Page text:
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Author Topic: istock is dragging  (Read 14407 times)

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« on: July 25, 2007, 13:50 »
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no dls in days.  I have a small portfolio but I used to sell slowly but steadily.  Now - nothing in days.  I am at 269 or so dls - am I bronze now or not?  Would that make a (tangible) difference to me?  At this rate I surely won't even think about exclusivity.


« Reply #1 on: July 25, 2007, 13:58 »
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IS has been picking up for me lately. Not a huge amount ($100+/month), but the trend is definitely there.

I don't think that your "canister level" (as IS refers to it) is a factor in their search routine. Given that you have a small portfolio, why not take the time to investigate why images that were selling no longer are?
« Last Edit: July 25, 2007, 14:05 by sharply_done »

« Reply #2 on: July 25, 2007, 14:07 »
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PS I'd look at your portfolio to offer more advice, but you haven't entered the info properly - your links don't work.

vicu

« Reply #3 on: July 25, 2007, 14:17 »
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no dls in days.  I have a small portfolio but I used to sell slowly but steadily.  Now - nothing in days.  I am at 269 or so dls - am I bronze now or not? 
Yes, you qualify to be bronze but not all the canisters have been changed yet. The canister painter takes a few days sometimes for all levels (unfortunately).

Quote
Would that make a (tangible) difference to me? 
As a non-exclusive, a new canister level means higher upload limits. As an exclusive, a new canister level also means higher payout percentages.

Quote
At this rate I surely won't even think about exclusivity. 
I can understand your apprehension. It's hard to offer much help without seeing your portfolio, or knowing how large it is or how long it's been up. If you have a very small portfolio and have had several days with zero downloads, it's a lot different than if you have an average sized portfolio and have had several days with zero downloads. Summer is typically slower, but without knowing your numbers, can't say if it's way out of line with what might be expected. Sorry.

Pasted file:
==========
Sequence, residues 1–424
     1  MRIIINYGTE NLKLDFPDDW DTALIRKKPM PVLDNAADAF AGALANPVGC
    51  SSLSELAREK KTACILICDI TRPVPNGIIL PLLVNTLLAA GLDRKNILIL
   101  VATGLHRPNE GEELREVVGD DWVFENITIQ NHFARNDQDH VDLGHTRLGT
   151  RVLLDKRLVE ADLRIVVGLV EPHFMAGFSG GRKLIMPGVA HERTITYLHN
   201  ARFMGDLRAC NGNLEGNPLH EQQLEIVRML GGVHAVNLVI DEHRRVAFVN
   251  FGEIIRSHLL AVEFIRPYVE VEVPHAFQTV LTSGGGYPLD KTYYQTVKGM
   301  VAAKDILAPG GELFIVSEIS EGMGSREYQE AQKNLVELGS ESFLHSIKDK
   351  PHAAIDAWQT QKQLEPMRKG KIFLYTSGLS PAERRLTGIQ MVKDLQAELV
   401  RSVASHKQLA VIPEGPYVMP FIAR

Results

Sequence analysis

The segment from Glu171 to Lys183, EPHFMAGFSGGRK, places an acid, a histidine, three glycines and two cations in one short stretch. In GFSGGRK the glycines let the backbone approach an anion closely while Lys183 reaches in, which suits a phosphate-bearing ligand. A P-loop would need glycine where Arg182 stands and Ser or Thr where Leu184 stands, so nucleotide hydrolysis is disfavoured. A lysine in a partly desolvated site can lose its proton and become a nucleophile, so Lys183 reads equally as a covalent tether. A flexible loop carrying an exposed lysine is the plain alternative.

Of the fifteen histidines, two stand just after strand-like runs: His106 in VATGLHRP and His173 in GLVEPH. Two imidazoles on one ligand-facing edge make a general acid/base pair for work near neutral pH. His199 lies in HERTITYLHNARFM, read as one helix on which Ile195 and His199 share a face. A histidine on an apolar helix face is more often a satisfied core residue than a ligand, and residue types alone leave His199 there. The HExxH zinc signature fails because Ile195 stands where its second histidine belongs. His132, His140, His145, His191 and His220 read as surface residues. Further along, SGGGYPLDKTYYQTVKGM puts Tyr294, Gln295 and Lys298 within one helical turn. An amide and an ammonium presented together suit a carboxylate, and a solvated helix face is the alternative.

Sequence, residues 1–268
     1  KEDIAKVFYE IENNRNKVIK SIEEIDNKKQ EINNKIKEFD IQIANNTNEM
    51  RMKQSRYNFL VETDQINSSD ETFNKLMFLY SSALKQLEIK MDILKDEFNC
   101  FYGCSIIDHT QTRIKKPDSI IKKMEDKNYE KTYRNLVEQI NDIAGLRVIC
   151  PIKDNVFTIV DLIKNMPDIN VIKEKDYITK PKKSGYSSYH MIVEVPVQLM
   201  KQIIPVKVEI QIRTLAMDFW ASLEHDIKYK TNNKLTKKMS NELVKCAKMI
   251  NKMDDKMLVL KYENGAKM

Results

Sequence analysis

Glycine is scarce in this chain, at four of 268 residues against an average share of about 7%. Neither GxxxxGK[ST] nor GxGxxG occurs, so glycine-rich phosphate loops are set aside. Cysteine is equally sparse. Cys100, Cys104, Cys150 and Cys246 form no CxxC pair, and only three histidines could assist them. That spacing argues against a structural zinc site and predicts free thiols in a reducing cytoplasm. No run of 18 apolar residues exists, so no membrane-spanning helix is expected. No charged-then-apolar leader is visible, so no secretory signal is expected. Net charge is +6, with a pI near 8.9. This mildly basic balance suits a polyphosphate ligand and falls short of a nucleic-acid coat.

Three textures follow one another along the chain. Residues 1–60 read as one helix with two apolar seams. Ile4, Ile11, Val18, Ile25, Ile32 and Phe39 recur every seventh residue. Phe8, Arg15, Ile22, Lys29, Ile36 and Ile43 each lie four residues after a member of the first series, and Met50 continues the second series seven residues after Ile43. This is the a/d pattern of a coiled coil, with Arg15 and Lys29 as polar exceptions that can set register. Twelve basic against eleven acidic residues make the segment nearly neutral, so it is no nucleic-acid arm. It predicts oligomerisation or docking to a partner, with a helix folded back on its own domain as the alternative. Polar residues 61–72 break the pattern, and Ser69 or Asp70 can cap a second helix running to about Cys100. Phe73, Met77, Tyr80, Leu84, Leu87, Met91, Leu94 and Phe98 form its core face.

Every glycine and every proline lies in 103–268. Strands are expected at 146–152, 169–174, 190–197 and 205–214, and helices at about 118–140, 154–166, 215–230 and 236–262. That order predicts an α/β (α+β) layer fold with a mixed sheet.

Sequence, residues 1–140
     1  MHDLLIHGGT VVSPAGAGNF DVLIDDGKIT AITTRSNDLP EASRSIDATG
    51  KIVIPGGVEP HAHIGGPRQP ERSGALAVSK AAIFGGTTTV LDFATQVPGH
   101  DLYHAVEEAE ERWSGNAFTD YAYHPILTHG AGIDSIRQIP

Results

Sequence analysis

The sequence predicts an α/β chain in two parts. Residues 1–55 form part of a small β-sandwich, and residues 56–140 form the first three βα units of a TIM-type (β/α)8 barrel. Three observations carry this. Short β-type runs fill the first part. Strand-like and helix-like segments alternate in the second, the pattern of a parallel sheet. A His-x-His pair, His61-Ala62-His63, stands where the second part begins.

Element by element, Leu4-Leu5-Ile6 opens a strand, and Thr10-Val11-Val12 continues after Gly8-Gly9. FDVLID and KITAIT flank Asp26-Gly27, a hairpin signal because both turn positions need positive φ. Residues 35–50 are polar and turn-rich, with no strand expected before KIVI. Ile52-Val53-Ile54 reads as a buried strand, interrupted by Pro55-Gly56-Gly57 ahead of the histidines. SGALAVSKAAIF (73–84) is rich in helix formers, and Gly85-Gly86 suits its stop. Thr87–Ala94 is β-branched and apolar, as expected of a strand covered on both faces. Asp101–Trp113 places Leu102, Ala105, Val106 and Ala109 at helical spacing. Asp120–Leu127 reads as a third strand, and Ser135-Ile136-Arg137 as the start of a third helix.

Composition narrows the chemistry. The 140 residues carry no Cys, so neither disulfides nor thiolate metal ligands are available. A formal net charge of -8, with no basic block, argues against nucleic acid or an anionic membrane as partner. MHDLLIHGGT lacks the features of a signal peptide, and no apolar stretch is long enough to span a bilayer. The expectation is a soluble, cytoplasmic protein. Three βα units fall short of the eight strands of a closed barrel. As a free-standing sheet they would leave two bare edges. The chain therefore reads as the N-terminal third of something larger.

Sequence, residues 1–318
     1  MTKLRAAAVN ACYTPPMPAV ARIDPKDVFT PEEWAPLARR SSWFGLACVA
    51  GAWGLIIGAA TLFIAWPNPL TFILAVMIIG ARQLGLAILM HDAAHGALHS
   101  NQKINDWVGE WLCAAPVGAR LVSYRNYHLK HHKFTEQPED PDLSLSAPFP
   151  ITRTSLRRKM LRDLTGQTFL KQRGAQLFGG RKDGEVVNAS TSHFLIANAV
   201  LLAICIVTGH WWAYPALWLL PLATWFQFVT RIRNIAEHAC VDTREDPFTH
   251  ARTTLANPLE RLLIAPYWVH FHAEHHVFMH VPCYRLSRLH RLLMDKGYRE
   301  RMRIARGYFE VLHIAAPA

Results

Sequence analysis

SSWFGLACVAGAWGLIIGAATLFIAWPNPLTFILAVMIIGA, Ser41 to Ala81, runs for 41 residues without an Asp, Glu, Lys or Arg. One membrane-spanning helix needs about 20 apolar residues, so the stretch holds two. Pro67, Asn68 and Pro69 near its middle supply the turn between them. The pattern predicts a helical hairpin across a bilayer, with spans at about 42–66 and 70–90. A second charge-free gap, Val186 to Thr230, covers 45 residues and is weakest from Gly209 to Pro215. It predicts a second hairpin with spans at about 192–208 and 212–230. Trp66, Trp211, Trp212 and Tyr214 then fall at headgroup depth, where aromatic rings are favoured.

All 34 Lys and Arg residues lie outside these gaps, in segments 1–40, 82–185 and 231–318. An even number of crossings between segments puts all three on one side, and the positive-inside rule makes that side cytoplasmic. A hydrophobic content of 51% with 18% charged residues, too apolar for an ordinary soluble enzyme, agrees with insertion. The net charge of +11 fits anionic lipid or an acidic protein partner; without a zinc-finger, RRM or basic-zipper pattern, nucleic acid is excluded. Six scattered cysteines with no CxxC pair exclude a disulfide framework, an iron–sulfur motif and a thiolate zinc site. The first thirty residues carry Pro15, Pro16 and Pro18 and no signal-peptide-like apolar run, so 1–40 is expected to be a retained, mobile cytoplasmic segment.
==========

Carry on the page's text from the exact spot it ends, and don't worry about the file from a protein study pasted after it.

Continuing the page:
If you think you might consider exclusivity at any point down the road, be sure you have a clear understanding of what your commitments with other sites involve, namely the fact that some require you to keep images on for a certain period of time, and you would not be eligible to apply for exclusivity at istock as long as you have images on other sites.

« Reply #4 on: July 25, 2007, 15:49 »
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I am in the oposite situation. Today is the 25th and I am one download from having a BME (best month ever).

I have: 214 files, 620 downloads, have been on iStock for 1 year.

The funny thing is that beginning of this month was dreadful but the middle was fantastic and it made up for it.

I hope you downloads pick up.

P.S. Still not enough to go exclusive by any means:)

« Reply #5 on: July 25, 2007, 17:00 »
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Thanks for letting me know about the links.  No idea what went wrong - used to work.  Anyway, I fixed them and would love some input.

Tina

« Reply #6 on: July 25, 2007, 17:28 »
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IS ans StockXpert are competing for the best site this month, and IS is generally my best, but lately I have been earning half of what I did months ago.  Anyway, I haven't noticed any slowdown this month, maybe one or two days without downloads, but generally at least one a day.

Regards,
Adelaide

« Reply #7 on: July 26, 2007, 05:48 »
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IS has been picking up for me lately. Not a huge amount ($100+/month), but the trend is definitely there.

I don't think that your "canister level" (as IS refers to it) is a factor in their search routine. Given that you have a small portfolio, why not take the time to investigate why images that were selling no longer are?

Hi..no disrespect intended believe me but I have to ask how you would investigate why certain images aren't selling anymore especially when your area of expertise is a port full of airplanes, skies and photoshop? Gosh, I know this sounds like I'm being catty but I really don't mean it to be. You're doing well no doubt because you have a large super collection of planes on different backgrounds and from different viewpoints. I just don't see how you would make such an investigation. I think many contributors at iStock would be interested in what you think is the problem with diminishing sales including some exclusives I know.